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We say that we can "hop" from the word w1 to the word w2 if they are "sufficiently close". We define w2 to be sufficiently close to w1 if one of the following holds:

  1. w2 is obtained from w1 by deleting one letter.

  2. w2 is obtained from w1 by replacing one of the letters in w1 by some letter that appears to its right in w1 and which is also to its right in alphabetical order.

I have no idea how to check if 2. is fulfilled. To check if 1. is possible this is my function:

bool check1(string w1, string w2){    
    if(w2.length - w1.length != 1){
        return false;
    }
    for(int i = 0,int j = 0;i < w2.length;i++;j++){
        if(w2[i] == w1[j]){//do  nothing
        }
        else if(i == j){
            j++;
        }
        else{
            return false;
        }
    }
    return true;
}

Given two words w1 and w2, how do we check if we can 'hop' from w1 to w2?

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1  
Is this your own definition or is it required? You may be interested in en.wikipedia.org/wiki/Levenshtein_distance –  GManNickG Oct 23 '12 at 2:38
    
@GManNickG its not my own definition its from this problem: opc.iarcs.org.in/index.php/problems/WORDHOP –  A.06 Oct 23 '12 at 2:40
    
Levenshtein distance is interesting in this context, but the above should be much simpler to implement. –  jogojapan Oct 23 '12 at 2:40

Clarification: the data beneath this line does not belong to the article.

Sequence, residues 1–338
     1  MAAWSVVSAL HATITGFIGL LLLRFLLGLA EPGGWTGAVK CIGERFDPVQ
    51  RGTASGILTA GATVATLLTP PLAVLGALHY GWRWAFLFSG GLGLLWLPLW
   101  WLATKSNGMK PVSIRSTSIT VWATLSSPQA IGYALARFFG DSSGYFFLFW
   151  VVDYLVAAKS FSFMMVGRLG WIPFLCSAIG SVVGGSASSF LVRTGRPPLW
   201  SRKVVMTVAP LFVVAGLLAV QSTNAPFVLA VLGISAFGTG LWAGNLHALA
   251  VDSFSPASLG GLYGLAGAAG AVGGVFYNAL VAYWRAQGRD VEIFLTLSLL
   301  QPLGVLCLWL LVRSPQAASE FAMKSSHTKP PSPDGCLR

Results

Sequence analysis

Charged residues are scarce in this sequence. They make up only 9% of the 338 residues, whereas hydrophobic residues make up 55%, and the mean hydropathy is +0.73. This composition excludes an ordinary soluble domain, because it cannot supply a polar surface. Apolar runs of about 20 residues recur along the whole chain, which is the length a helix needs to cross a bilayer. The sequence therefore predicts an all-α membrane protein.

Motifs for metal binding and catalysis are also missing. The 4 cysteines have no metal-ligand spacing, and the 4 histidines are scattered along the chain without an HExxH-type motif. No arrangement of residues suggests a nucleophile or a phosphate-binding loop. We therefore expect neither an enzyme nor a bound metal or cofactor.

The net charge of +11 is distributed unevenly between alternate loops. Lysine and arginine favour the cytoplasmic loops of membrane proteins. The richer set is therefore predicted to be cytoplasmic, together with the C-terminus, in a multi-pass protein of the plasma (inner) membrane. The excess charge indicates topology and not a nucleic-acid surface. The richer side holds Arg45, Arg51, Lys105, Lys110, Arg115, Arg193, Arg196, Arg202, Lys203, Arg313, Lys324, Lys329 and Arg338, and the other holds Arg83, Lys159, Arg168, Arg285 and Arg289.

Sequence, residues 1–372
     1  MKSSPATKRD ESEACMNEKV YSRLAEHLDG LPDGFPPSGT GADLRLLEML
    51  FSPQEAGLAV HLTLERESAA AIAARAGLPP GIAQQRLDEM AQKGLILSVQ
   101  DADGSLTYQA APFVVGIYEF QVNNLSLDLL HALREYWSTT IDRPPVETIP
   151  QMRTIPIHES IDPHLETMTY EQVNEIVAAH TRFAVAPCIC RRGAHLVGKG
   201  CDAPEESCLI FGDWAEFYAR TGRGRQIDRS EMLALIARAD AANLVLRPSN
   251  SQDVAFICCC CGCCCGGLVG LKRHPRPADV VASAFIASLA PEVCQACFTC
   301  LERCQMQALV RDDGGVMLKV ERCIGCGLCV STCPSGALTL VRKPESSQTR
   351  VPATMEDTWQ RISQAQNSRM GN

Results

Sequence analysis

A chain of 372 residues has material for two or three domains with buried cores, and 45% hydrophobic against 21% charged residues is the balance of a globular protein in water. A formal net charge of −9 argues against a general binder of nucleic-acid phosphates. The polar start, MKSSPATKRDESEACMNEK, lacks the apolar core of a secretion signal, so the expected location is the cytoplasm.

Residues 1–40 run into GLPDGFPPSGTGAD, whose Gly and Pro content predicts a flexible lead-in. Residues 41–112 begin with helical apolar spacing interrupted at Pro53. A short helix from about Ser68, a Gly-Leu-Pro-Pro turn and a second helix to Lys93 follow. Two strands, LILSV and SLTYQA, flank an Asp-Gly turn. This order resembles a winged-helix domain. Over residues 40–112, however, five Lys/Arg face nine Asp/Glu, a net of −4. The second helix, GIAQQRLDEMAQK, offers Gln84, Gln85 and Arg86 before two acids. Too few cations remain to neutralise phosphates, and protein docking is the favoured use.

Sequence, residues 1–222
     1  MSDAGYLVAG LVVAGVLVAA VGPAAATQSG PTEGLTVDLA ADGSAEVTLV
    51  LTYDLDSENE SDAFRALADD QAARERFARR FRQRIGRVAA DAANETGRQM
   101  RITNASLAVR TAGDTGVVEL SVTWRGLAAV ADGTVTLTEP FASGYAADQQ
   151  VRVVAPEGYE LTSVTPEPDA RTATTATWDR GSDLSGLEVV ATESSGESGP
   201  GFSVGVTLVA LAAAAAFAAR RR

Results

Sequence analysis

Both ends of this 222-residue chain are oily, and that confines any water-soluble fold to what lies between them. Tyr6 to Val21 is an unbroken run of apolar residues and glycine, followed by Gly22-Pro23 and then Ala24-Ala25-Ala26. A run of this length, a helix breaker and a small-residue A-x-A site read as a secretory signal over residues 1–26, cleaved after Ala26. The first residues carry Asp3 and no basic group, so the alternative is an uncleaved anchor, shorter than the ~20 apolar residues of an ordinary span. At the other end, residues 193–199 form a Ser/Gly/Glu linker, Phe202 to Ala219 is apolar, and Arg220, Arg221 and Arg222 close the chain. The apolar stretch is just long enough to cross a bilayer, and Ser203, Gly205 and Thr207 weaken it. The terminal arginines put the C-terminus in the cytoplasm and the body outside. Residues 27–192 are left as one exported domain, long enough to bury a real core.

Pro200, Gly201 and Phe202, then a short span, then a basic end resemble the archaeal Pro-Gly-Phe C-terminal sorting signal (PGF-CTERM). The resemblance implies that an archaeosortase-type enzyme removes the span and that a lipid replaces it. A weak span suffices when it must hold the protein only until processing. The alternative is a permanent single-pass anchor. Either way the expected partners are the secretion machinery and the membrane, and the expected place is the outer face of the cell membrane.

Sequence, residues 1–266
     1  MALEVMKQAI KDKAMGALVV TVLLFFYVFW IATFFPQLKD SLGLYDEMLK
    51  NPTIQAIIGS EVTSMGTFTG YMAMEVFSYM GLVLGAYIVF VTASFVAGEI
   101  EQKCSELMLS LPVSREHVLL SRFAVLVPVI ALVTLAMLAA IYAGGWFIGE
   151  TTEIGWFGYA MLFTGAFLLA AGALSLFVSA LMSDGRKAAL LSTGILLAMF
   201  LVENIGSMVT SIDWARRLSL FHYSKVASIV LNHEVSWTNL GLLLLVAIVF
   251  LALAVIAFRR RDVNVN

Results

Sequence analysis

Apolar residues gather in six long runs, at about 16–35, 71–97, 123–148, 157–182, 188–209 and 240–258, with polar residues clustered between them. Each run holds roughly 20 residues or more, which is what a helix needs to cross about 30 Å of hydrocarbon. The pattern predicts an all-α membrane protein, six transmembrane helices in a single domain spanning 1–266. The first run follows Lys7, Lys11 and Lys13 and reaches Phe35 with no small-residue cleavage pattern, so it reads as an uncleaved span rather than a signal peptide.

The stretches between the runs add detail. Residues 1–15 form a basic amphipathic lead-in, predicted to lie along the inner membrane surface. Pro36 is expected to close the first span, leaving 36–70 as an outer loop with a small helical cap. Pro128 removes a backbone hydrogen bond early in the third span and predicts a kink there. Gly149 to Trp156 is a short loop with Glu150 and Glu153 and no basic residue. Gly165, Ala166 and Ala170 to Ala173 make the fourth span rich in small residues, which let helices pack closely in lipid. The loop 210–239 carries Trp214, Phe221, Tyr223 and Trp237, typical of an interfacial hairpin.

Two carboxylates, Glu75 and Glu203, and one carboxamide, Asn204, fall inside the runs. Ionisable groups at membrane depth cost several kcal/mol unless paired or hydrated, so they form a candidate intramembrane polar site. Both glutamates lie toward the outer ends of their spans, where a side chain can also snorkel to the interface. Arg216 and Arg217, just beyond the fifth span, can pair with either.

2  
It might sound like a simple problem but is one of the larger class of problems in bioinformatics. If you just erase letters from the end it does not matter,and is trivial but if you randomly delete letters from the middle finding match becomes difficult and time consuming. Of course if you use brute force you will eventually get it but it will take a long time for longer strings. If you want to do same for sentences consider using technique called cosine similarity. –  specialscope Oct 23 '12 at 2:47
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1 Answer

up vote 1 down vote accepted

Your algorithm for case (1) looks fine to me.

To check case (2), you can first check whether w2 has the same length as w1 and differs by exactly one character. If it does, check whether w2's character is alphabetically greater than w1's character, and whether w2's character also appears following that position in w1 (or, equivalently, in w2).

You may also want to add case (0): w1 and w2 are the same.

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Thank you for your answer, i think it will do the trick. But there is no need of case (0) because all the inputs are going to be different –  A.06 Oct 23 '12 at 2:53
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